Why A Chinese Restaurant's Dumpling Challenge Sparked An Investigation

Public displays of excessive food consumption may not be unusual in the U.S., but that's not the case around the world. While the annual Nathan's hot dog eating contest may coincide with our nation's birth date every Fourth of July, in China, a 2021 law made food waste illegal and punishable by fines. A restaurant in the Chinese city of Yibin is currently under investigation for having violated the anti-food waste law with its "king of big stomach" challenge, according to CNN.

The restaurant, not named by Chinese authorities, is located in the province of Sichuan and reportedly challenged its customers to eat 108 choushous, or spicy wonton dumplings, awarding prizes to those customers who downed the dumplings the fastest. Should the restaurant be found to have encouraged wasteful consumption of food, the establishment could be fined up to 10,000 yuan, or roughly $1,400. In addition to fines for restaurants that encourage food waste, Chinese media outlets can face substantial fines for promoting wasteful or excessive consumption of food or drink.

Why does China prohibit wasteful food consumption?

Though the law prohibiting the promotion or publicizing of displays of wasteful consumption dates to 2021, its roots go much further back in Chinese history. It's been noted that some residents of China have vivid memories of the widespread famine in the '50s and '60s that killed roughly 45 million people. In light of historic deprivation, these recent events surrounding excessive food consumption for entertainment purposes can be seen as being in exceedingly poor taste.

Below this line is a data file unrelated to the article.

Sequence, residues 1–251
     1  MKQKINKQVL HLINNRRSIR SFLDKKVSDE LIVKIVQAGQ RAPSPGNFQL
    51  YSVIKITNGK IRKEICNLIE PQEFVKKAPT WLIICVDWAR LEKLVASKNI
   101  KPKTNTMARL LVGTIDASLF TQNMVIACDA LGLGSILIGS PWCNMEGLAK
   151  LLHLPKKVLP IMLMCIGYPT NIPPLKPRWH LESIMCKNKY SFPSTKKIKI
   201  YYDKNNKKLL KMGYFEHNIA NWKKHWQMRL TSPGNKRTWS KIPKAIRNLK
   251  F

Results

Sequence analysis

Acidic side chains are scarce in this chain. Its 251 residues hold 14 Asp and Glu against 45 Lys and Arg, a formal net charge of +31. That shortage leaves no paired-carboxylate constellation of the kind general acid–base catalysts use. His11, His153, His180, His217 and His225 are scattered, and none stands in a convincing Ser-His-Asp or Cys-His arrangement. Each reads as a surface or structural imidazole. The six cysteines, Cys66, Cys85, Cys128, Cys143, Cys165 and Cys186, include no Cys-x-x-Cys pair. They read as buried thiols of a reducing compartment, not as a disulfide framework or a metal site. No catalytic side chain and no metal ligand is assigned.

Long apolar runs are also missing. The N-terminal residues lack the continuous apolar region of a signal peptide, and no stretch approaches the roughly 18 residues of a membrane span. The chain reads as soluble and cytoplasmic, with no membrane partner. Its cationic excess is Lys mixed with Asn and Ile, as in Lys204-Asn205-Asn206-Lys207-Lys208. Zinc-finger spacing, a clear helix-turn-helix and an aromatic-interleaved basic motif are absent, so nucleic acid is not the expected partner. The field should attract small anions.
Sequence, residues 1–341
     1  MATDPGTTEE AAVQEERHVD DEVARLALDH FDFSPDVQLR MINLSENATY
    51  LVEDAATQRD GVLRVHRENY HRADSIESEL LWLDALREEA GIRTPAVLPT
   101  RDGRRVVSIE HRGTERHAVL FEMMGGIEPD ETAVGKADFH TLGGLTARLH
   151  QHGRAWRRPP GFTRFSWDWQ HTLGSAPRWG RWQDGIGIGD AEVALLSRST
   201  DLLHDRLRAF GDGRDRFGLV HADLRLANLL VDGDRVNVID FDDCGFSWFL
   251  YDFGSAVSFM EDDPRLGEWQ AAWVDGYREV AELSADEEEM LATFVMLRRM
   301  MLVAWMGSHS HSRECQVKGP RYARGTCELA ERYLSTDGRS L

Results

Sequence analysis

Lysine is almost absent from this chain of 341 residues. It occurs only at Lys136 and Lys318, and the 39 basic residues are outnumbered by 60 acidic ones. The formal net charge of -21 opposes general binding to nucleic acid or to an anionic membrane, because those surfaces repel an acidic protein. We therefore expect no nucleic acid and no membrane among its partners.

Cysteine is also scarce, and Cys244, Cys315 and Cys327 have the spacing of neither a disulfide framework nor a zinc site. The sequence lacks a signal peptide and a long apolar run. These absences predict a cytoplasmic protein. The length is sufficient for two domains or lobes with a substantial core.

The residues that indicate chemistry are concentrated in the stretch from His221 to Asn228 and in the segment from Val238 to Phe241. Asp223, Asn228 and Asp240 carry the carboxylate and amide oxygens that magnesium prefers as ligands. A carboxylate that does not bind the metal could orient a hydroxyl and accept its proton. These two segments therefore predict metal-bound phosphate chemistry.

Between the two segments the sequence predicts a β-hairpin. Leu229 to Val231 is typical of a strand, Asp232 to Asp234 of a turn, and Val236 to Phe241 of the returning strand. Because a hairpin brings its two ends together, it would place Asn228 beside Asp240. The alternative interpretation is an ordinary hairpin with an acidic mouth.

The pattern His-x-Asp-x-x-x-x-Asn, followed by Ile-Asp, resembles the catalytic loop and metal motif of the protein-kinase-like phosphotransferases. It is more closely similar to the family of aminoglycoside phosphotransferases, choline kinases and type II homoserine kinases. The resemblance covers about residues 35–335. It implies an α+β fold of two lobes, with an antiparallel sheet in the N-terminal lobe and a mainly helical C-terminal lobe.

On the other side, there has been criticism of Chinese authorities for prosecuting restaurants and the media, with some saying that there are more important issues like food safety that should be addressed first. However, President Xi Jinping refers to food waste as "shocking and distressing," and the Yibin restaurant with the dumpling challenge isn't the only restaurant under investigation for similarly wasteful spectacles.

There has been some discussion in the U.S. media about negative aspects of competitive eating, with professional opinions from health care providers and researchers about the dangers of the "sport." Meanwhile, George Shea, chairman of Major League Eating, told Daily Mail that he likens the discipline and training of competitive eaters like Joey Chestnut, who gained his 2023 victory by downing 62 Nathan's hot dogs, to that of mainstream sports figures. Shea speculates that competitive eating has the potential to gain a worldwide audience — though perhaps not in China.